by Vic Braden
Contributing Tennis Writer
I?ve been asked many times to write about the ?New Game?; the problem is that I haven?t been able to locate it. It has been easy to write about ?New rackets?. The big tournaments are still played on grass, clay, synthetic surfaces and concrete. The court dimensions remain the same, 19.1 degrees of potential angle from baseline corner to the opposite baseline corner.
I have film of players hitting with an ?Open Stance? in the 1950?s. In those cases, the players were caught in a poor position. Now, players choose to hit with an ?Open stance? because they can use the new equipment to hit hard from the baseline. But in this case, it?s the equipment that has changed.
What has changed is the number of players who only go to the net to shake hands. But there were baseliners in the 50?s and 60?s, but the majority were from countries who only built clay courts. The coaching of the ?wrap around the neck? follow-through has caused players to move their center of gravity towards the center of the baseline. In a recent biomechanics study, we found that players who move through the ball on the approach shot are normally nine feet closer to the net than the player who decides to rush the net after rewinding from the long follow-through.
Why have net rushers almost disappeared? Again, it?s not the ?new Game?, it?s the new equipment. If a net rusher hits with an ?Open? stance, it?s difficult to get the desired position at the net. To make matters worse, the new equipment hits faster shots, which means the time to get to the net has shortened. Roger Federer can play back, or up, and he?s a rare bird in today?s tennis world.
In former times, the ball traveled slower, the players moved through the approach shot, and volleying was much easier. Before Pancho Gonzales, I put one of the new lighter, and powerful, rackets in his hands and he looked at Jack Kramer and said, ?Do you think you could ever miss a volley in your life with this racket??
French Open champion Rafael Nadal is an explosive baseline player.
Watching the French and Wimbledon Championships, I watched player after player win important shots at the net, and then back off for long periods camped at the baseline. At Wimbledon, I watched Robert Kendrick win points at the net and had a noose around Nadal?s neck, and two points from a giant victory. He elected to not force Nadal to hit a passing shot and to remain on the baseline. Nadal basically owns the baseline and Kendrick eventually came in second.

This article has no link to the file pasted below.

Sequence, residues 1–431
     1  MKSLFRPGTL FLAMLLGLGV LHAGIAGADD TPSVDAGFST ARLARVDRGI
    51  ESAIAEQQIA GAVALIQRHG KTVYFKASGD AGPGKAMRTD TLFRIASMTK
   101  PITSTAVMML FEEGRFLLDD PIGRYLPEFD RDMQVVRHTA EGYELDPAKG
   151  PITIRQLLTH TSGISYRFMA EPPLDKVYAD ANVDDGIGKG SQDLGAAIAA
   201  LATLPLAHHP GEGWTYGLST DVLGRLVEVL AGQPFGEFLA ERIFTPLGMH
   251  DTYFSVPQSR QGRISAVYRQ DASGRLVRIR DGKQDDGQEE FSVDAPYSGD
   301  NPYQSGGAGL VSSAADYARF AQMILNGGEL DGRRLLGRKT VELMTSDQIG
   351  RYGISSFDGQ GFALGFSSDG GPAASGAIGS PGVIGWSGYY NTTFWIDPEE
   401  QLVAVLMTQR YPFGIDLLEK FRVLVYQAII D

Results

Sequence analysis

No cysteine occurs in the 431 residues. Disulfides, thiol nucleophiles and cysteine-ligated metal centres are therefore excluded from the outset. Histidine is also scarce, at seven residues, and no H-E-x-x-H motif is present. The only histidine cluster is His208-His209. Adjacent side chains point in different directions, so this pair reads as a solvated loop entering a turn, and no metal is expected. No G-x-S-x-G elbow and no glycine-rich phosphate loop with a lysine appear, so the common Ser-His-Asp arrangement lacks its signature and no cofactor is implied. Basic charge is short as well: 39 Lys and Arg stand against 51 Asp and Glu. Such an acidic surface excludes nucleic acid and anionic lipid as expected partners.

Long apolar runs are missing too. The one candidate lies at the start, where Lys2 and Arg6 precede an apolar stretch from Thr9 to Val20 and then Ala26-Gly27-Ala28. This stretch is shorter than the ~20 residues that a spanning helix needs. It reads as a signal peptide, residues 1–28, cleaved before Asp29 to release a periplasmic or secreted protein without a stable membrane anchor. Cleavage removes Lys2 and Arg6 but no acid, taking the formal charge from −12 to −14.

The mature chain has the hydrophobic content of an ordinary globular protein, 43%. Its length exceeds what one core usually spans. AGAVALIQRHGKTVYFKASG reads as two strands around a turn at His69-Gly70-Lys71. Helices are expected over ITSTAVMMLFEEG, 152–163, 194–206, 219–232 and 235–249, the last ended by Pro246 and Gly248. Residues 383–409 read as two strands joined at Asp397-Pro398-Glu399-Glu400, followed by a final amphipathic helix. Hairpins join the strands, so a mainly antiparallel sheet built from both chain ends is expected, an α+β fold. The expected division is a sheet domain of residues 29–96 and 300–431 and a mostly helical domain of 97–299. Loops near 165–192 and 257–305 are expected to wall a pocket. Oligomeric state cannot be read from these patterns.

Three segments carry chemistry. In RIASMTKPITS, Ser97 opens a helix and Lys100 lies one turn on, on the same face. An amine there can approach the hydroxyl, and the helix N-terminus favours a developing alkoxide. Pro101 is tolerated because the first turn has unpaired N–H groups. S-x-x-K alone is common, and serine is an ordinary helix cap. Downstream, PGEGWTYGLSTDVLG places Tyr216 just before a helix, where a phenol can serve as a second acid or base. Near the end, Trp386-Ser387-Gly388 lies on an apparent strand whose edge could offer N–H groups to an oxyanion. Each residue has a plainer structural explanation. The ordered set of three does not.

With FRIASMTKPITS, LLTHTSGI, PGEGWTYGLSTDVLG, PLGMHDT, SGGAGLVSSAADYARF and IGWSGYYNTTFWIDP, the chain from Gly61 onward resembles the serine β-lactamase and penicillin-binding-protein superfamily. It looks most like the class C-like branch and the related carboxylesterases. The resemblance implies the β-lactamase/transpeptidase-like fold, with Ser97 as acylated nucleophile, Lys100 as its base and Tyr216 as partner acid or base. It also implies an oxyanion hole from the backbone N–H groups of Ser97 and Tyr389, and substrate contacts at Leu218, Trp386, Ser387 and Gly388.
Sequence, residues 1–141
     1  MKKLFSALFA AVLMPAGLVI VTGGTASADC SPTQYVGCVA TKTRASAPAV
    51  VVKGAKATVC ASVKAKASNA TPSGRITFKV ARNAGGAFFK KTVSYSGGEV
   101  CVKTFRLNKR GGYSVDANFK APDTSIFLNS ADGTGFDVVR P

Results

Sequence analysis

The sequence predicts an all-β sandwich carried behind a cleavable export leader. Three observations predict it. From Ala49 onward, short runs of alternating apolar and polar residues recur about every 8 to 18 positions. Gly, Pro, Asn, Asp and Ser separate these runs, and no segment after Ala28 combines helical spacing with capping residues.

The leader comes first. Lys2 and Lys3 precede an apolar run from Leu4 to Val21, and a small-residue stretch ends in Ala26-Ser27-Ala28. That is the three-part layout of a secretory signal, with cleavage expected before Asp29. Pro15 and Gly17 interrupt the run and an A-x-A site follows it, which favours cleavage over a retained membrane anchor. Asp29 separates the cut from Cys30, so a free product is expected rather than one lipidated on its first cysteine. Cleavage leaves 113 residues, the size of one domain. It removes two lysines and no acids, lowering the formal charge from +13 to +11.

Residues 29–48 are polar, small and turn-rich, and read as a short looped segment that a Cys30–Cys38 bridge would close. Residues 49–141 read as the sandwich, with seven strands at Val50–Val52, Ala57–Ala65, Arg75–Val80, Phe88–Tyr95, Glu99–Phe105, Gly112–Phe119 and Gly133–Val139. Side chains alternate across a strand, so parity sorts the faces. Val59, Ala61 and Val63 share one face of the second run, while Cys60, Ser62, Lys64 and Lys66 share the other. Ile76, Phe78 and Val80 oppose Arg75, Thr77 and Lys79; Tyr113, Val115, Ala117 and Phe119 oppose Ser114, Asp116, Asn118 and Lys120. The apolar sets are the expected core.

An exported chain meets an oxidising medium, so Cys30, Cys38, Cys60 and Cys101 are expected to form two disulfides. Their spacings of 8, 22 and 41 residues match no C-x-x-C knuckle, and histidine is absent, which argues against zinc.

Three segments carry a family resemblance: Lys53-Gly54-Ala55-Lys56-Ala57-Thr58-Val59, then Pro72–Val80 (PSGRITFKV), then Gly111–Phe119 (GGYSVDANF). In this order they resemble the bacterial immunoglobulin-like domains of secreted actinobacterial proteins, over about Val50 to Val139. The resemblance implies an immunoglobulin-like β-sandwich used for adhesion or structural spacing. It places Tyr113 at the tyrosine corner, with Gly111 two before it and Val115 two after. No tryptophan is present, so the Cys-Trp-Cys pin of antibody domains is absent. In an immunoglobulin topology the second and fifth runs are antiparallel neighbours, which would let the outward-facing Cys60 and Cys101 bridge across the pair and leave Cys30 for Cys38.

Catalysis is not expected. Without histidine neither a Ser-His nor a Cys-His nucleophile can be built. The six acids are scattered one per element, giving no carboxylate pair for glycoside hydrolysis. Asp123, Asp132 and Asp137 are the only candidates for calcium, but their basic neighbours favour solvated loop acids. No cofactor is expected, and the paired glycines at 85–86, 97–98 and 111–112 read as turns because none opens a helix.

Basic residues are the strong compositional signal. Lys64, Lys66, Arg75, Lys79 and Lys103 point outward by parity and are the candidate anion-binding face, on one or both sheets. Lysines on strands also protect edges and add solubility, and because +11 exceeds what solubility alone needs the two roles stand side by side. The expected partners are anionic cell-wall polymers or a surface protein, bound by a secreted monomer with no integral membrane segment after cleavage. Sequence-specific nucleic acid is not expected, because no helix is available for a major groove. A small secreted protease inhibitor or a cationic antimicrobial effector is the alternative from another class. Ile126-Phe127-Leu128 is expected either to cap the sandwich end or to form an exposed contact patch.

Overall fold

It?s unfortunate that so many coaches have grown up seeing only the baseline game. Now, it?s rare to find knowledgeable approach and volley coaches. For example, each person should have quantifiable data on how fast he/she can hit the approach shot and reach the desired net position. Each person should know how, and when, to close at the net to reduce the opponent?s passing shot angle. In today?s tennis, I?ve literally watched players being passed while they were just ahead of the service line. One can pass an elephant at the service line.
Just to make certain that I?ve seen missed net rushing opportunities by players, I started observing the number of baseline drives that landed inside the service line. I was amazed at how many balls landed short and were perfect opportunities to move through the approach shot to set up perfect volley position. I watched Andre Agassi hit so many brilliant shots and never get to the net. His answer to my question in the interview room was, ?Have you seen me volley lately?. He?s right, he shouldn?t be going to the net if he fears the volley, but he also developed a forehand groundstroke weapon that others players only wish they possessed.
In today?s game, there are thousands of young players who are geniuses from the baseline. Unfortunately, there are normally only sixty-four, or one hundred and twenty eight, players invited to play in a major tournament. One day, we will all be better at understanding how we can change the electrical signals in our opponent?s brain to screw up their strokes and strategy. Perhaps we should listen carefully to Rafael Nadal?s psychological destruction of Roger Federer. However, because Roger is a brilliant thinker, I?m betting that he will find the solution to beating Rafael.